A load of laundry nearly killed me

She was just doing some chores when a sudden pain had her rushing to the emergency room
Pamela McKenzie

Pamela McKenzie, 45, 
Busselton, WA

Pushing a load of dirty laundry into the machine, I sighed. It was the last of my chores before I could relax with my family. But as I turned around, I felt a strange snap in my chest. Pain shot down both of my arms. I’m having a heart attack! I panicked.

I phoned for an ambulance and after some initial tests I was flown to Royal Perth Hospital. There, I was wheeled in for an operation.

I’m having a heart attack! I panicked.

‘You’re extremely lucky to be alive,’ the surgeon told me afterwards. He explained I’d survived spontaneous coronary 
artery dissection (SCAD). It’s a rare condition where a sudden tear forms in the heart. The surgeon put three stents into the affected artery and I was allowed to go home the next day. Then it hit me.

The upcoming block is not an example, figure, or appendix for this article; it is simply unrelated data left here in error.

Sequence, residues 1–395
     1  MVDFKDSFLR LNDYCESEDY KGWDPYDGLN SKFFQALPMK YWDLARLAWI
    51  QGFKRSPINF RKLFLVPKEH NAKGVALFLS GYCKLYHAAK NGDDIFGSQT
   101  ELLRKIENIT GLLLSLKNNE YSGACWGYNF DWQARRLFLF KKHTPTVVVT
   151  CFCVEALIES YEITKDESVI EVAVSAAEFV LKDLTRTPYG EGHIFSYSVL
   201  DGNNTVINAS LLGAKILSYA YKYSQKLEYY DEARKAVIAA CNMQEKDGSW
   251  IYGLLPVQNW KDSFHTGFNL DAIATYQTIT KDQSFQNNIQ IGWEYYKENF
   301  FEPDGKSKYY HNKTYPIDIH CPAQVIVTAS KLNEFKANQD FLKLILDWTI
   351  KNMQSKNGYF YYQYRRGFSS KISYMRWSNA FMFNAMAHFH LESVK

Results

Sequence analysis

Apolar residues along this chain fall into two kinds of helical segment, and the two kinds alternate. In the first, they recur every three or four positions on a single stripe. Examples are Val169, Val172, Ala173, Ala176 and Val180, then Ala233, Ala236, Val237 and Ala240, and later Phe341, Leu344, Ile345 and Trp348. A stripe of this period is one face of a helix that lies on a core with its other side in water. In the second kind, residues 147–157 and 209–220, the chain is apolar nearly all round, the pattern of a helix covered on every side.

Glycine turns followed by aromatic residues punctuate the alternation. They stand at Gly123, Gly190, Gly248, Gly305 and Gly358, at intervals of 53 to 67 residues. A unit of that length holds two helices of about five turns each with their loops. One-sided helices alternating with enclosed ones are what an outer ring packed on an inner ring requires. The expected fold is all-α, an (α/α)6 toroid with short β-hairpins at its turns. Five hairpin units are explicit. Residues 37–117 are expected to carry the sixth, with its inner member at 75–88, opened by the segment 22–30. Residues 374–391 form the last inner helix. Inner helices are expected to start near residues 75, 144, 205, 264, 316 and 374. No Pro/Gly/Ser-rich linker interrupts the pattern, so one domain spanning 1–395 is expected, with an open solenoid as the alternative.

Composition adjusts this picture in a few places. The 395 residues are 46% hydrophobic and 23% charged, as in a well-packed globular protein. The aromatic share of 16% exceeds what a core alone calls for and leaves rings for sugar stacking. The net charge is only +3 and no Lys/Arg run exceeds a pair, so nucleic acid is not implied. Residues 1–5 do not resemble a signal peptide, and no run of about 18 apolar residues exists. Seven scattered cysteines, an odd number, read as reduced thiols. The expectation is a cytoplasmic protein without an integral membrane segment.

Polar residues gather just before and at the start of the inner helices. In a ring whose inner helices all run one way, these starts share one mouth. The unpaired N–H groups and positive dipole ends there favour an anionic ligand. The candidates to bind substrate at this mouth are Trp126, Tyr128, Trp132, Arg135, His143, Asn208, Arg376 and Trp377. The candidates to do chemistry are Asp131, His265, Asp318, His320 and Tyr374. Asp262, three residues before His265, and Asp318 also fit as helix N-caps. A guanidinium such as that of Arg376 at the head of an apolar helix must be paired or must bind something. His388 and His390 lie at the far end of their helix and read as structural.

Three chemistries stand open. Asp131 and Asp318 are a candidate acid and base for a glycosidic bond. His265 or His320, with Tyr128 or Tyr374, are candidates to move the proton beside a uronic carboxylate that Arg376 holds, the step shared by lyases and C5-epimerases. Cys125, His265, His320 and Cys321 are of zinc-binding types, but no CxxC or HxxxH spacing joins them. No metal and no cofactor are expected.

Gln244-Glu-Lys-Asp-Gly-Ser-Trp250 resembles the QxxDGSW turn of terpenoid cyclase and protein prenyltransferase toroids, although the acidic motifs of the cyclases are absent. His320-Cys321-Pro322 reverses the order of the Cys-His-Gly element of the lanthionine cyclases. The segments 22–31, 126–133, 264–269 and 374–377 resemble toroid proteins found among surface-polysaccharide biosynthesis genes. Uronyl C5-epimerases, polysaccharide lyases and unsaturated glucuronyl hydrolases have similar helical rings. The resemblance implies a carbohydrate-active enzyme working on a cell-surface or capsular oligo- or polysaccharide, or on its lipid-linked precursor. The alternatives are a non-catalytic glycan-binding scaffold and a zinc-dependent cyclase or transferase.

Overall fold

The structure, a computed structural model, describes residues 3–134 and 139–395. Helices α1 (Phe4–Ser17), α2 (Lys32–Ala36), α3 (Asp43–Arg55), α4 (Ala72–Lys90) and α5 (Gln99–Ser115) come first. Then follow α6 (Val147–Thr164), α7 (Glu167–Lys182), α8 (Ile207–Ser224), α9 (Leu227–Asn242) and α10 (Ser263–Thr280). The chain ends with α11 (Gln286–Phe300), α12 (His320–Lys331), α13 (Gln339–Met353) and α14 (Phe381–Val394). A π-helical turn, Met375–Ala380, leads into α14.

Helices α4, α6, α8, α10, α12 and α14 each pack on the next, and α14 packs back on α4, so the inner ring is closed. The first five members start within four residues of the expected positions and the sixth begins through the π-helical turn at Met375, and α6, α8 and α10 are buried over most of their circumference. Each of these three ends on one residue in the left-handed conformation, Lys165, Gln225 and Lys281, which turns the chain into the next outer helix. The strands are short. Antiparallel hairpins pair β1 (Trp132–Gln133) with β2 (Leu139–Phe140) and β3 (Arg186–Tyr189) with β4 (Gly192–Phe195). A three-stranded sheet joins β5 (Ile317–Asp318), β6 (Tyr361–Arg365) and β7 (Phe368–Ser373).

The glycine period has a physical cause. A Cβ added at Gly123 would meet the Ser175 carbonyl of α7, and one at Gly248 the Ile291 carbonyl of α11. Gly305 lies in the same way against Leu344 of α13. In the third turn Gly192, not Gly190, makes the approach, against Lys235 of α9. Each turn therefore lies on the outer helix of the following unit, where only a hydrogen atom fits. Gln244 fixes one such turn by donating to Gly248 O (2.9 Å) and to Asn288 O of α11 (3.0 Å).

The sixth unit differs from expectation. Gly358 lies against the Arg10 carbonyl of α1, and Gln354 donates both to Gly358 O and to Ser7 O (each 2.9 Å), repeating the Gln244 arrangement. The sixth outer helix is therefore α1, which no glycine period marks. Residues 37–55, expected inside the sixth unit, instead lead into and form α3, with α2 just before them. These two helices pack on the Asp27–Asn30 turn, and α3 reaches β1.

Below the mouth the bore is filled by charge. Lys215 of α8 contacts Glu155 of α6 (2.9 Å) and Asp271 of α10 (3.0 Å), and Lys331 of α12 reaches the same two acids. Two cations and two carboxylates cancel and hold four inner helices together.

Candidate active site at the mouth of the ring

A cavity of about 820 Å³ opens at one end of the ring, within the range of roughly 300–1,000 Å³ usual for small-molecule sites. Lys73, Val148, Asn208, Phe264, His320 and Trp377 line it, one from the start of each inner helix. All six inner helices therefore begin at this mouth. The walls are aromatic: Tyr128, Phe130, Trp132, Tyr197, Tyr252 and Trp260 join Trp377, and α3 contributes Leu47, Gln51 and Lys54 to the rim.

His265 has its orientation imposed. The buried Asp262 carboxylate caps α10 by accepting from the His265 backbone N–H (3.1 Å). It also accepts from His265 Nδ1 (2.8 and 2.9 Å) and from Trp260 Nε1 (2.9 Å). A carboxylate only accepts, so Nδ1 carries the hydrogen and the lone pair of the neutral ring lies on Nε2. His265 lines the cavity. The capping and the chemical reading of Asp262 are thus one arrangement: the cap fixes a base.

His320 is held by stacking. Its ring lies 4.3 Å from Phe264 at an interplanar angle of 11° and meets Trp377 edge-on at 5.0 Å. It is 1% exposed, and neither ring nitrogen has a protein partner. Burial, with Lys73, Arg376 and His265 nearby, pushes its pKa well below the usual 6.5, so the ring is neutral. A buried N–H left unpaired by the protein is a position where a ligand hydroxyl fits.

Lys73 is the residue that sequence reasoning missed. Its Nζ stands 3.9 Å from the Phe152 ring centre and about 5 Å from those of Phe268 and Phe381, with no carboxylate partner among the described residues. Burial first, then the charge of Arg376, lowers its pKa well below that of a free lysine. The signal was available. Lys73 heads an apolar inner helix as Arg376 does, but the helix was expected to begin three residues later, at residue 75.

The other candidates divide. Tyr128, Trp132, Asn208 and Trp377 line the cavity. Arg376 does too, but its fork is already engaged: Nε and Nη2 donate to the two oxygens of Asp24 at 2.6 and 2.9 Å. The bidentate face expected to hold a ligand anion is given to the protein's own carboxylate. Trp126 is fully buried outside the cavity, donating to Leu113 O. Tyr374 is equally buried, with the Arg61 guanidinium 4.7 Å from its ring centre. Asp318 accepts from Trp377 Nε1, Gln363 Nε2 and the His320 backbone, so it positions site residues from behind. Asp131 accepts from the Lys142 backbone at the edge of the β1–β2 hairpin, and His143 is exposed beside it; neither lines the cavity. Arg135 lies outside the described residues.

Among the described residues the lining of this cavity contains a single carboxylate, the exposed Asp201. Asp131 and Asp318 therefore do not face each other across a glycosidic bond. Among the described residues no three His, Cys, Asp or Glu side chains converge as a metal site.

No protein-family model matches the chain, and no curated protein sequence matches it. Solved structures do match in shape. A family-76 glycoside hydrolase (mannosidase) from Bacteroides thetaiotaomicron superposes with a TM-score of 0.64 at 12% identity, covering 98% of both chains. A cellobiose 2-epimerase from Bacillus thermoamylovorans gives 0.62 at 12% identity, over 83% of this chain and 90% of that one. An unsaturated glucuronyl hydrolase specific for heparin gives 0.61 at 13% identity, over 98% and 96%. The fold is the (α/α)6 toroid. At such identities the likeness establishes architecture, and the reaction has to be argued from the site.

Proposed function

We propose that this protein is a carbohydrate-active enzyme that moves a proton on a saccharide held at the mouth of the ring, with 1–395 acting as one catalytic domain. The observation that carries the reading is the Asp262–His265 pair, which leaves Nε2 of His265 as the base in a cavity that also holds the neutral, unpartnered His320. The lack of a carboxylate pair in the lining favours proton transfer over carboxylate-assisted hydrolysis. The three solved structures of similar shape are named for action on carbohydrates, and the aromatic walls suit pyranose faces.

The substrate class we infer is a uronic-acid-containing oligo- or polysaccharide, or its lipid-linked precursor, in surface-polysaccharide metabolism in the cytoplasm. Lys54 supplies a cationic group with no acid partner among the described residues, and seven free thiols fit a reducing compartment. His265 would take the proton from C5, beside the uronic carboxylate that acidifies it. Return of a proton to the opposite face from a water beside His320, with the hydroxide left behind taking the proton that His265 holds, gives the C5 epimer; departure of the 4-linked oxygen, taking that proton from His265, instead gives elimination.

My hubby Shane, then 47, could’ve been without a wife. My kids, Aaron, 24, Kalila, 22, Jacinta, 18, and Becky, 16, could’ve lost their mum.

No-one could tell me why SCAD occurs, so I lived in constant fear.

(Credit: Pamela McKenzie)

‘My own body tried to kill me for no reason,’ I sobbed to Shane. ‘How can I trust it?’ I tried researching SCAD but there was hardly any information so I started a Facebook group, Australian SCAD (Spontaneous Coronary Artery Dissection) Survivors. Soon there were more than 100 members. The majority were women in their 40s, and most hadn’t shown any prior signs.

I presented these findings to Professor Robert Graham at the Victor Chang Cardiac Research Institute. In November 2014, we began working on a research paper. When it’s published, I hope it will help medical experts and other SCAD survivors.

Every day I feel lucky to be alive. Being able to support others has given me a new lease on life.

Origtinally published in that’s life! Issue 32, 2016.

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